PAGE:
The Electric

Each Week I’ll try and address different aspects of the electric guitar in church music.

This week we’ll talk about leading with the electric guitar itself.

“Switching from Acoustic Guitar to Electric Guitar can be a fun adventure as a musician and artist. Seek excellence with a servant’s heart, and I’m sure that it will be a blessing to your worship team and church.” — Brian Logue

What’s the Point?

I guess my first question is why? Why are you leading with an electric guitar instead of an acoustic. Most worship leaders I’ve met started out leading on an acoustic guitar. There are a number of reasons. 1. It’s cheaper to buy an acoustic than an electric and all the gear that comes with it. 2. When a church is starting out, acoustic instruments make more sense. 3. The church wouldn’t accept an electric guitar leading before now, and various other issues and reasons.

These are all valid reasons why a worship leader started out on an acoustic guitar. I’m challenged personally that my reason for switching instruments should be equally as valid. Some one said you should “Ask Why 6 Times” before you do a major change, and I think that might be valid here.

1. Why am I switching Instruments, is it for me or to serve others? 2. Does the style of expression in my church fit this change? 3. Does the Style of Expression at my church need to change? 4. Do the musicians in the band have the skill set to make this change?  5. What are the practical realities of this change? (PA/sound system, set up time, etc) 6. What are the positive benefits of this change?

You’re questions and Why’s will probably be different depending on the situation but it’s great to ask them and feel free to chime in with you list of “Why’s”

It’s NOT the Acoustic Guitar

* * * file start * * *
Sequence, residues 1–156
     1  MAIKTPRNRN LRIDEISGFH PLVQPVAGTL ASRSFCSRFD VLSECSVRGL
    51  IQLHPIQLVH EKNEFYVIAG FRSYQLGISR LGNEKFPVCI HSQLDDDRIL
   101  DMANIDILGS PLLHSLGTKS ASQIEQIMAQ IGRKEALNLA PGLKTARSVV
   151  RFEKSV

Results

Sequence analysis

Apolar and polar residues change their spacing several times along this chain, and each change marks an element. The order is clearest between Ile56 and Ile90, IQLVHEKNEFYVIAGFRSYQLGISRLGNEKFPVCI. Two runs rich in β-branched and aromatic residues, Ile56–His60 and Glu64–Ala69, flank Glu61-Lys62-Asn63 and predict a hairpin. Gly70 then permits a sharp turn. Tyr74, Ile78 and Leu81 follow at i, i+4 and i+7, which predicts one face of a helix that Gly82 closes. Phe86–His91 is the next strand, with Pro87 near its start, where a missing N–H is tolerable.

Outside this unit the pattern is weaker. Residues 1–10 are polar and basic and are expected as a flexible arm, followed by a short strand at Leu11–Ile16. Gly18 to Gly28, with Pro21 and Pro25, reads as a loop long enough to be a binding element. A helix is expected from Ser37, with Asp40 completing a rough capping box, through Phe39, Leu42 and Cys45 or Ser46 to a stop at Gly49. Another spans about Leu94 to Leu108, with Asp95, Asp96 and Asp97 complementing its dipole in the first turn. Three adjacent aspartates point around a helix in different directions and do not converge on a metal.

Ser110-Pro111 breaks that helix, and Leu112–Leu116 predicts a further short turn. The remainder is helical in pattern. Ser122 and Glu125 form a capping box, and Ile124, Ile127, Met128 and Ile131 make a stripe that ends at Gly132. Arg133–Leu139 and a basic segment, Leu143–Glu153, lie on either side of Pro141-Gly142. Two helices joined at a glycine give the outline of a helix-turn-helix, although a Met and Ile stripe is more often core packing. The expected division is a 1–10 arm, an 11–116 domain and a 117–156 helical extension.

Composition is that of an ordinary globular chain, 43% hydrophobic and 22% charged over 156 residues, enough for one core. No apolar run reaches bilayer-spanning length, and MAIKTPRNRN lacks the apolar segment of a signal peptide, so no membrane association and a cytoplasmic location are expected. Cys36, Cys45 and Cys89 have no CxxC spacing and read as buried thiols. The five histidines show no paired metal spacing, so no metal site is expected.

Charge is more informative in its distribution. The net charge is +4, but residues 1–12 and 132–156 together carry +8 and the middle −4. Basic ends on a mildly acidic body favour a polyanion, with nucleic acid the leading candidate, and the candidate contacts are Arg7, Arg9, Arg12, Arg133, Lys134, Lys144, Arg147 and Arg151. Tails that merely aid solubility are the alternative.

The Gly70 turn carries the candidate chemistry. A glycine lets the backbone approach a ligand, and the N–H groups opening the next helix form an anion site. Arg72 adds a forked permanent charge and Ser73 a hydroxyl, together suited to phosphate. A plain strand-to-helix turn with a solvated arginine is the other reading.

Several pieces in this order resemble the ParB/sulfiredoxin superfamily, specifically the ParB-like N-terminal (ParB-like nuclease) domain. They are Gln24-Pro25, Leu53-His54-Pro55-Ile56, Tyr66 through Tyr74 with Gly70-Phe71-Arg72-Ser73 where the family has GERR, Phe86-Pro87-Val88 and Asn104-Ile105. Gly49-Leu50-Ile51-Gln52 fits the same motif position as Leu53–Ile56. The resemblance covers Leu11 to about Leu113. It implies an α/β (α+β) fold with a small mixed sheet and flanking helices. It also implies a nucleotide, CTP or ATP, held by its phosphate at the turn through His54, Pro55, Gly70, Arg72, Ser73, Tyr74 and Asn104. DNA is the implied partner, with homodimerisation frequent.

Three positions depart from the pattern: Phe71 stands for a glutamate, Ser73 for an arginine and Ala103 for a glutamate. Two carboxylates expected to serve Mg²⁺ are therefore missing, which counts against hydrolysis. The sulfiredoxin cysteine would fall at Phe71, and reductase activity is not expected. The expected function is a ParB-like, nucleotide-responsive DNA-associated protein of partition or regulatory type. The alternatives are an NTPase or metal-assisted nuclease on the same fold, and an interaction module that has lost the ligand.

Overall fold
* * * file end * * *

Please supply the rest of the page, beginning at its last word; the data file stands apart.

It sounds like I’m stating the obvious right? An electric guitar is plainly not an electric guitar Adam, we all can see that. Yet I’ve seen many a church band leader make this mistake. For whatever reason they want to lead with an electric guitar instead of their acoustic, and  so they pull out their axe, plug it in, and start strumming away. The problem with this that it often sounds awful. The tones, timbres, and range of an electric are different than an acoustic, and if we don’t recognize this fact we’ll be starting off on the wrong foot before practice even begins.

We Need to Know What We’re Doing

Before we lead worship with an electric guitar it’s probably a good idea to do some research. Blogs like this one are a great tool, also reading guitar forums to see if there are any amp settings or effects that might be helpful. A few years back I was playing bass for a worship band and the leader (who was fairly new in the role) showed up one day with his electric and didn’t know why it didn’t sound right when we were practicing. When he asked me we changed his Pick Up selection and changed his effect settings. I didn’t mind helping out but it showed that he hadn’t recognized that he was now playing a different instrument.

Personally, if I were leading by myself with an electric I would be on the clean channel of the amp, using the Neck Pick up with a little bit of reverb an maybe (just maybe) my lightest Overdrive effect.

If I were leading with the band, I would probably have the amp set the same way, but use have both Pick Ups selected, with reverb and using light to medium overdrive on some (not all) of the more up tempo songs.

In both cases a small amount of tremolo might be good for some atmosphere, especially on a slower song that has a darker or more somber feel musically.

Tone

If you switch instruments your tone will change. An acoustic guitar has a different Tone and sonic signature than an electric guitar. There is nothing wrong with that, but in recognizing it we can make adjustments for it. If there is a week with no bass player in the band I generally tell the piano player to ride the “low end” of the keys. If I’m removing certain sounds from the music by switching types of guitars, sometimes I might want to replace them with a 2nd guitar player, or a what range the piano plays in or whatever musical talent you may have a your church to accomplish such a change.

Also, having communication with the sound guys is a big help here. They’ll have to mix things a little different and so having a conversation going on already should be helpful.

The End Goal

The point of all of this is to learn how to better connect people with Jesus. Music is a great tool for us to express things that mere words could never hope to do. If you read my post on “Who the Music is Geared To” you’ll see that one week using an electric set up would work well for connecting with one crowd and I would use the acoustic the next week to connect with a different crowd with the end goal being the same: Jesus.

For further reading, here’s a link to another blogs post with a different take on the same subject: Leading With Electric

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